eBay Faces Backlash for Slow Handling of Hack Attack

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Online marketplace eBay is facing questions over its handling of a hack attack that exposed millions of passwords and other data.

A promised feature obliging members to reset passwords when they next logged in has not yet been made available.

Instead the auction site has added a notice to its homepage, simply recommending users update passwords “as a first step”.

Security experts said its reaction raised “serious questions”.

“We know that customers are concerned, and want us to fix this issue straight away, and we are working hard to do just that,” eBay told the BBC.

“Our first priority is and always has been to protect our users’ information and ensure we correctly deal with the technical challenges such a situation brings, and that is why as a first step we have requested all users change their passwords.

“Other steps, including email notification, will follow, and we will ensure all eBay users have changed their passwords over the coming days.”

Many of its users were angry about how slowly the firm had dealt with the problem.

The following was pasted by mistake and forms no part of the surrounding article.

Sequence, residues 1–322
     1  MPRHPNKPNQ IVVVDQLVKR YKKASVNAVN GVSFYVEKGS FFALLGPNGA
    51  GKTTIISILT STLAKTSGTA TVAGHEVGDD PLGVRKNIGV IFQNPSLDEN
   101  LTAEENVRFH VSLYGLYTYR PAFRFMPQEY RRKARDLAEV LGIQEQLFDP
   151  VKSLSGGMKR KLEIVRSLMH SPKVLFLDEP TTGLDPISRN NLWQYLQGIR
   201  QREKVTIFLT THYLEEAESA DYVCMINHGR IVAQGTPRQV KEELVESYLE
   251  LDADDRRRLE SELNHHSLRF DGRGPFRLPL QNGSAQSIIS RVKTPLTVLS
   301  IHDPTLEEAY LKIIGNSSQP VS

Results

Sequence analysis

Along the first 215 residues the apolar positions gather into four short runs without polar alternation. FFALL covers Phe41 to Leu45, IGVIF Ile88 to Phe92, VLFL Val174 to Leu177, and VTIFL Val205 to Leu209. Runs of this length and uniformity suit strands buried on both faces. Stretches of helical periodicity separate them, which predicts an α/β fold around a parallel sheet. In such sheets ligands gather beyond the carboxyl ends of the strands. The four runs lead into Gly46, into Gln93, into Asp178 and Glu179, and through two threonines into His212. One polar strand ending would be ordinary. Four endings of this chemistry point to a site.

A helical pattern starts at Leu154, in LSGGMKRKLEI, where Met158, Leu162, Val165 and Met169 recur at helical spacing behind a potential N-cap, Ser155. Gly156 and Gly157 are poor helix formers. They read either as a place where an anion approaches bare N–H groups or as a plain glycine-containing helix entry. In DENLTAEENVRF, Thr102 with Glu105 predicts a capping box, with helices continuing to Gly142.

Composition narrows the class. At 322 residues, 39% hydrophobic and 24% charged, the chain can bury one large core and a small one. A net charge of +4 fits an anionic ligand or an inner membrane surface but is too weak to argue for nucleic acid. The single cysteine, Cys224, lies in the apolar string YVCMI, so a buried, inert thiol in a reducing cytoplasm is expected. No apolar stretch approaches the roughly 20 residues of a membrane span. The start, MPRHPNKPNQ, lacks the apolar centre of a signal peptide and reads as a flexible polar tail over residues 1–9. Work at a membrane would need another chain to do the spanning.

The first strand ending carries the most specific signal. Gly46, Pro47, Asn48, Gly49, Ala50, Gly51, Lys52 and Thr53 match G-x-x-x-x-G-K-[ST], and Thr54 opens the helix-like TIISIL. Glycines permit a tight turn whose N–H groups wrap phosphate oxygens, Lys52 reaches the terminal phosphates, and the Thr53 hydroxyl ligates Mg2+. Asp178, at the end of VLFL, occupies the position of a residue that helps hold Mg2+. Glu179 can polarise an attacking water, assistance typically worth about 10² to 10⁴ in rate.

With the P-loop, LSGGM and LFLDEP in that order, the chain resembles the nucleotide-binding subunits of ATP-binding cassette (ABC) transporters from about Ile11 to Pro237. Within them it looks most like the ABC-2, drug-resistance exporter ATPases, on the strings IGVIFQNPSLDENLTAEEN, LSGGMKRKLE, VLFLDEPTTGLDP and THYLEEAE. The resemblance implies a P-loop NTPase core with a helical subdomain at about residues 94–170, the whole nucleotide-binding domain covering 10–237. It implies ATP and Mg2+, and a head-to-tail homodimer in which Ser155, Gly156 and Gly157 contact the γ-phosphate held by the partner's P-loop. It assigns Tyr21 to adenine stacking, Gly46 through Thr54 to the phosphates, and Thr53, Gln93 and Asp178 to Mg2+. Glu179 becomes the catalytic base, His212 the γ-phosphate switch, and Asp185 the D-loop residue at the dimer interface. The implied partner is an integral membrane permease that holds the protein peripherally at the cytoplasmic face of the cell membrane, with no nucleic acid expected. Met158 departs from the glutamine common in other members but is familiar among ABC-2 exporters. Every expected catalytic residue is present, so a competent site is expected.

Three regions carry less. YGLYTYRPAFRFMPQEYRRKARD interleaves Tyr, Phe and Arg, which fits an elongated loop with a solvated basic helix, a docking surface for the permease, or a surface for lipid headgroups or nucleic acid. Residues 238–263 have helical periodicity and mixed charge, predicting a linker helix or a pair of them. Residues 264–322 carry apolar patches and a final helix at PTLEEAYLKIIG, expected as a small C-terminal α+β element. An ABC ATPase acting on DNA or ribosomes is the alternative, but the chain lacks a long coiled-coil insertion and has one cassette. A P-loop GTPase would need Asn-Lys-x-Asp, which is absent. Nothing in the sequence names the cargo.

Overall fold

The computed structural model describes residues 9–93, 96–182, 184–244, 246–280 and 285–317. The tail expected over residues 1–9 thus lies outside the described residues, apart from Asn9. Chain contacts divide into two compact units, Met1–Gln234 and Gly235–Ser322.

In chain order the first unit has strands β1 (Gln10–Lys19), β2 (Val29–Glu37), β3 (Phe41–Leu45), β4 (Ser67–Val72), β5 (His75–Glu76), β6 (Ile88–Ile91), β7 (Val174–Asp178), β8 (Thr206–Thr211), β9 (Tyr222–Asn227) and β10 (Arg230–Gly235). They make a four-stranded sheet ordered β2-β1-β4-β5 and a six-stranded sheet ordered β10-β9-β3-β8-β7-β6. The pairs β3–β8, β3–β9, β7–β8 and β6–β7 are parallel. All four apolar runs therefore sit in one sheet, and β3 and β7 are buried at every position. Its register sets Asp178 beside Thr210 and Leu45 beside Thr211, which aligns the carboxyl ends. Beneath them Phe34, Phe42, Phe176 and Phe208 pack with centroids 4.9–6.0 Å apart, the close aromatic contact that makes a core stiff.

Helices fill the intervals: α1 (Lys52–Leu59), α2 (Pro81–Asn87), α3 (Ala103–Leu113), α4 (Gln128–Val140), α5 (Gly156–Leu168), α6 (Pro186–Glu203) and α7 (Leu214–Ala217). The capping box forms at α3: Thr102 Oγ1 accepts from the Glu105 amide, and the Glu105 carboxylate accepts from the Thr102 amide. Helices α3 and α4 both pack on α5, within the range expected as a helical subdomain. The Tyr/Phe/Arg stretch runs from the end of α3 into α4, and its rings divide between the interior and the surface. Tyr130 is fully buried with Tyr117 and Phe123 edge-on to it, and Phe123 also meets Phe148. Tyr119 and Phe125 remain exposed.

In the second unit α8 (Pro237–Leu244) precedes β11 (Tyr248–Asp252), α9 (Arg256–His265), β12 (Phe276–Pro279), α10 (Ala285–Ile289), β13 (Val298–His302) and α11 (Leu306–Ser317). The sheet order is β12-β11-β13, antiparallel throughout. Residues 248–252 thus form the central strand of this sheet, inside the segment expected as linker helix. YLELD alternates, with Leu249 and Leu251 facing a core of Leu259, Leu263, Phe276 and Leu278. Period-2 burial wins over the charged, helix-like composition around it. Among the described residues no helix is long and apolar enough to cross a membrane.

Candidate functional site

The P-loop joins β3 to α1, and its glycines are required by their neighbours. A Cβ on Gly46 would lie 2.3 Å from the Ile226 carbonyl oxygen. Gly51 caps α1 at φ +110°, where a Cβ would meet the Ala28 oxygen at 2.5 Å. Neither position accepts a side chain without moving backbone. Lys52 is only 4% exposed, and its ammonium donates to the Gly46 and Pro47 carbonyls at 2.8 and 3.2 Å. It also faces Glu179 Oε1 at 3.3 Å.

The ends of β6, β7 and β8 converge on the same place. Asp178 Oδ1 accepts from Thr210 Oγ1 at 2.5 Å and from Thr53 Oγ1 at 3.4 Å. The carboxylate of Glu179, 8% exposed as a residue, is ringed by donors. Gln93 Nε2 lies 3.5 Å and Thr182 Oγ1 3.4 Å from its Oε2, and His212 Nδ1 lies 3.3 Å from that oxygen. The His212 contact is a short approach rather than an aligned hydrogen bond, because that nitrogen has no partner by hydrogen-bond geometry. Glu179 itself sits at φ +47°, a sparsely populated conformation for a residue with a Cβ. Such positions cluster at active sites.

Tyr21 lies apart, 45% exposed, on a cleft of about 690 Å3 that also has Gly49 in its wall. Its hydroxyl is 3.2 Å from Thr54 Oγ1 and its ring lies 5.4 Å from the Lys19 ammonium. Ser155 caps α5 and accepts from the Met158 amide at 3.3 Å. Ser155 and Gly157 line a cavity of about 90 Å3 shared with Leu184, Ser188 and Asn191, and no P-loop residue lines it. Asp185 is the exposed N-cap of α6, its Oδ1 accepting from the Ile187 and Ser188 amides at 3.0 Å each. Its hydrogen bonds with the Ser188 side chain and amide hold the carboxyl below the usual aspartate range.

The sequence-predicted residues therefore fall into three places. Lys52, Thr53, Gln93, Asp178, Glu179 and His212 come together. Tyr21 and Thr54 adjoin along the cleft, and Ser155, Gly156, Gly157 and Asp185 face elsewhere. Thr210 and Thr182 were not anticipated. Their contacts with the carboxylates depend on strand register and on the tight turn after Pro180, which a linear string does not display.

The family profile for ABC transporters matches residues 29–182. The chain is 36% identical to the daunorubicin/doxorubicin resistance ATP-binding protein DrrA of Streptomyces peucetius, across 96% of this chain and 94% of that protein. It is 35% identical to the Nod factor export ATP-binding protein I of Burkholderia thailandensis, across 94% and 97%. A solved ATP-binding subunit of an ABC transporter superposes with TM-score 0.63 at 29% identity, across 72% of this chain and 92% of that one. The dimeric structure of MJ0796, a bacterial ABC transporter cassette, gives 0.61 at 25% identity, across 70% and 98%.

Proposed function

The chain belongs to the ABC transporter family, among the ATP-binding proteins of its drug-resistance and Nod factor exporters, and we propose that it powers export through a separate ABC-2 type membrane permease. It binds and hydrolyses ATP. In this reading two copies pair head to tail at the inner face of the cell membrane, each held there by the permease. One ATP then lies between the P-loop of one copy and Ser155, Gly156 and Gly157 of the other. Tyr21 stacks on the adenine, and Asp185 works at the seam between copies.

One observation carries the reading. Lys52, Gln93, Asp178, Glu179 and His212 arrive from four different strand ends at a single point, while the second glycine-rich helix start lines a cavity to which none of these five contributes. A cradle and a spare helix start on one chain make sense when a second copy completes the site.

“Just wondering why I’m hearing this from BBC before eBay,” said one reader of the BBC website.

Alan Woodward, an independent security consultant, was also unimpressed.

“It shouldn’t take this long to have something in place that forces users to change their passwords, and it should have let people know what was happening – it doesn’t take much time to send an email out for goodness sake,”

It built a picture of a firm with “serious questions” to answer, he told the BBC.

The Californian-based company, which has 128 million active users, revealed that a database had been hacked between late February and early March.

The attackers had accessed a database containing encrypted passwords and other data after obtaining a small number of employee log-in credentials, the firm disclosed.

The other data included:

  • email addresses
  • physical addresses
  • phone numbers
  • dates of birth

Data for its money-transfer service, PayPal, was stored separately and had not been compromised, the firm said.

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SOURCE: Jane Wakefield
BBC News

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